Declining phone sales drive down Nokia net income in Q2

While the phone manufacturer now sees recovery in Q3, it no longer expects its market share to grow this year

Nokia reported second-quarter sales 25 percent lower than a year earlier, and net income down 66 percent. While it predicts that sales will stop dropping in the third quarter, it now expects to see no increase in its market share this year.

Second-quarter sales totalled EUR9.91 billion (US$13.9 billion as of June 30, the last day of the period reported), down from EUR13.15 billion a year earlier. Net income came in at EUR380 million, down from EUR1.1 billion, Nokia said Thursday.

Sales of mobile phones, which accounted for EUR6.59 billion of Nokia's revenue, declined 27.5 percent, slightly faster than sales of network infrastructure, which fell 21.3 percent to EUR3.2 billion.

Nokia's phone revenues are declining faster than shipments as the average selling price falls -- and this despite a move towards higher-end models.

Phone shipments for the quarter fell 15.4 percent year-on-year to 103.2 million units. Smartphone shipments increased 10.5 percent, to 41 million units.

Compared to last quarter, Nokia said, its share of the mobile phone market increased slightly, to 41 percent in the smartphone segment and 38 percent overall. In the first quarter it estimated its shares at 39 percent and 37 percent, respectively. But those shares are still the same or lower than a year earlier, when the company estimated its share of the smartphone segment at 41 percent and the overall phone market at 40 percent.

For the full year, it expects its market share to remain the same as in 2008: it had previously forecast an increase in market share.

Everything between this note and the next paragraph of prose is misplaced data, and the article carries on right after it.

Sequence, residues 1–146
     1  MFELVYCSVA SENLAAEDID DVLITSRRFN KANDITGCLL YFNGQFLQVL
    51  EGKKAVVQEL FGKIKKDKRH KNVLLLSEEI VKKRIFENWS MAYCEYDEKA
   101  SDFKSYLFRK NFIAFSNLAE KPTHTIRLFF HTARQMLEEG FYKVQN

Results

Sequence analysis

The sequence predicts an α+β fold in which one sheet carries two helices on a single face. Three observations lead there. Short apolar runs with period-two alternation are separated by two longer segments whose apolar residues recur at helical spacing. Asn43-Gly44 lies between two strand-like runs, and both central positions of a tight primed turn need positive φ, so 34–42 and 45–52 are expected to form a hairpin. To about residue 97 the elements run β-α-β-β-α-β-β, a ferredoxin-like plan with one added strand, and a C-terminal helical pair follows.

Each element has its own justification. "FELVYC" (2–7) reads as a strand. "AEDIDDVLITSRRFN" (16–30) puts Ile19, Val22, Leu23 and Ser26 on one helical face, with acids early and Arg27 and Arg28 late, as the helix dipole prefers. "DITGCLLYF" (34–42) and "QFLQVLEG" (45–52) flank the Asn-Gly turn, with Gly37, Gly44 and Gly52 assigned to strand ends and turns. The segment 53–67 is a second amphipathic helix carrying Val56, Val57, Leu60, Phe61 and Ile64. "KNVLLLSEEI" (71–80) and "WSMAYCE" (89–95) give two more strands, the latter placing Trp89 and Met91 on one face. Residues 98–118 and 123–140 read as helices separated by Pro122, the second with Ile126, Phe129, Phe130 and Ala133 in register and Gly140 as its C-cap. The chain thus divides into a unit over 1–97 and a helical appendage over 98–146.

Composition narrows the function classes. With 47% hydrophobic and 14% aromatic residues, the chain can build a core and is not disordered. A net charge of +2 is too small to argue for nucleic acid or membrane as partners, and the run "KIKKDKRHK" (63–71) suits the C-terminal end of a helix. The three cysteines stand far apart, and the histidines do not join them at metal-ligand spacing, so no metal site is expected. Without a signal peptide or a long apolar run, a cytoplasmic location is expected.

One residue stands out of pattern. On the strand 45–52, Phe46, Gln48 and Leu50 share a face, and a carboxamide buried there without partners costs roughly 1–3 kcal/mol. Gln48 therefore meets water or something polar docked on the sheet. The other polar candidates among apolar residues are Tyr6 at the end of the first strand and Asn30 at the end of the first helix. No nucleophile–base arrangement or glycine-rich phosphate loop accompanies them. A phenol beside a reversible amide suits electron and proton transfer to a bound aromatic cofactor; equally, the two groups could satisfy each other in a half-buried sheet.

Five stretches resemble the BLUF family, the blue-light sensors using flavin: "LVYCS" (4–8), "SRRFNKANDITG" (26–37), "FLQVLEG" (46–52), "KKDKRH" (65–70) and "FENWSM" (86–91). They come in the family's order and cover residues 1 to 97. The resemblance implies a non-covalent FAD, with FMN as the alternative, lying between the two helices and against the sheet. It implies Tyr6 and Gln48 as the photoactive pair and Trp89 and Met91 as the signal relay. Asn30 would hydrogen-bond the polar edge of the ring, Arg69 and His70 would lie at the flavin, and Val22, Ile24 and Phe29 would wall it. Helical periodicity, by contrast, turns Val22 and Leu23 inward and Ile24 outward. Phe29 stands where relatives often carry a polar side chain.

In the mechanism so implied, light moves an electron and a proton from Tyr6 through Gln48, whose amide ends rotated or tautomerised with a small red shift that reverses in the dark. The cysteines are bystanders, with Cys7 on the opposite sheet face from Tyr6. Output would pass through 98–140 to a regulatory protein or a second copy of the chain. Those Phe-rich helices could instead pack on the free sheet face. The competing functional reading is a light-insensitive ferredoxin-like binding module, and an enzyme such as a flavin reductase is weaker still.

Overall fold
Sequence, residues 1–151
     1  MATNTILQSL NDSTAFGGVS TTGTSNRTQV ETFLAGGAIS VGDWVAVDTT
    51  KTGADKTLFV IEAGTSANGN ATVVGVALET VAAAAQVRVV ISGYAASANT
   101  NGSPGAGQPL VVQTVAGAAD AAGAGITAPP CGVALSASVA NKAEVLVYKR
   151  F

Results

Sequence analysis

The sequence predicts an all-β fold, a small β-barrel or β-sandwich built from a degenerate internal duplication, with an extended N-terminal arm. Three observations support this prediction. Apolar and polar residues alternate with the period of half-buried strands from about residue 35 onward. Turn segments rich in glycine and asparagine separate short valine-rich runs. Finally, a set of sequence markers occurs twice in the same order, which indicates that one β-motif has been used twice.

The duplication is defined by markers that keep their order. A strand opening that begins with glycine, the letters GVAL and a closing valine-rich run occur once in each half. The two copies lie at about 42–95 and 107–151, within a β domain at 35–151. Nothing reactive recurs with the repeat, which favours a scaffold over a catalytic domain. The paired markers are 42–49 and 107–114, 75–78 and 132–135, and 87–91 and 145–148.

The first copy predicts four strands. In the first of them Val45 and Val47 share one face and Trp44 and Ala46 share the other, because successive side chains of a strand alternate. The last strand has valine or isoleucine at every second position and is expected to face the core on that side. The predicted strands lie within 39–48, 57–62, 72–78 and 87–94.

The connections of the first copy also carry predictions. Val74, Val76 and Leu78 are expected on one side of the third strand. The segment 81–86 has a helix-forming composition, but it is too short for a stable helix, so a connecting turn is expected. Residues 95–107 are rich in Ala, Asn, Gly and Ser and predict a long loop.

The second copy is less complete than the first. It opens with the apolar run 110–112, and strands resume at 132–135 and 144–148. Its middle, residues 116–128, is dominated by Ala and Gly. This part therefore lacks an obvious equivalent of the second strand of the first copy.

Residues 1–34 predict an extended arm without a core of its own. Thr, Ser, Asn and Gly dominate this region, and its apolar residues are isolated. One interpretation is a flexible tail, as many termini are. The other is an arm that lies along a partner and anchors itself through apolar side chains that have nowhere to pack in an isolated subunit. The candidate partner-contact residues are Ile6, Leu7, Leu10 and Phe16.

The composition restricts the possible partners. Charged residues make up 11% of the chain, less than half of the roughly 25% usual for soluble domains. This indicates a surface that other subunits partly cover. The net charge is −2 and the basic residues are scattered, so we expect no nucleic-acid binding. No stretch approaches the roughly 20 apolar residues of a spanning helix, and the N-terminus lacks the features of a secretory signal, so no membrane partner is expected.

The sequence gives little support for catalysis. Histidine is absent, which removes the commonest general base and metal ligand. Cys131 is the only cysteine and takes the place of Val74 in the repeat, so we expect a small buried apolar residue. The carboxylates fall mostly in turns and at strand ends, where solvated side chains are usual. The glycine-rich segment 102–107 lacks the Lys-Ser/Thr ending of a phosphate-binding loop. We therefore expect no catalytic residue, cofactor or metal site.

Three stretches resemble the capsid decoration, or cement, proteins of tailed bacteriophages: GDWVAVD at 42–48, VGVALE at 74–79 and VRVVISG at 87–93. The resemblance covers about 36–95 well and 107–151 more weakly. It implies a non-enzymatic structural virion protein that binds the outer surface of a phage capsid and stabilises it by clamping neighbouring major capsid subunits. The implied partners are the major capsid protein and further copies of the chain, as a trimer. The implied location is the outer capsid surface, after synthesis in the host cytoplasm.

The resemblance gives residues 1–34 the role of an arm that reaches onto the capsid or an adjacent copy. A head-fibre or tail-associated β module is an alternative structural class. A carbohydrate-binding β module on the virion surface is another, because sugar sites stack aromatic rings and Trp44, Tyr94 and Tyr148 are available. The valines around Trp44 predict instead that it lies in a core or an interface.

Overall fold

The company's shipments were hardest hit in Latin America (down 41.8 percent) and North America (down 28.9 percent), while sales picked up 5.7 percent in Greater China, where the company sold 18.6 million phones.

Nokia predicted that global mobile phone shipments will remain stable or increase slightly in the third quarter, although it doesn't expect its share of the market to change. It expects shipments for 2009 to be around 10 percent lower than in 2008.

Navteq, the digital mapping provider that Nokia acquired last July, had an operating loss of EUR100 million on revenue of EUR147 million for the second quarter, a slight improvement on its performance in the first quarter. Because Nokia bought the company during the year, it did not provide a year-on-year comparison -- and made no projections for how the business will evolve in future.

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Peter Sayer

Peter Sayer

IDG News Service
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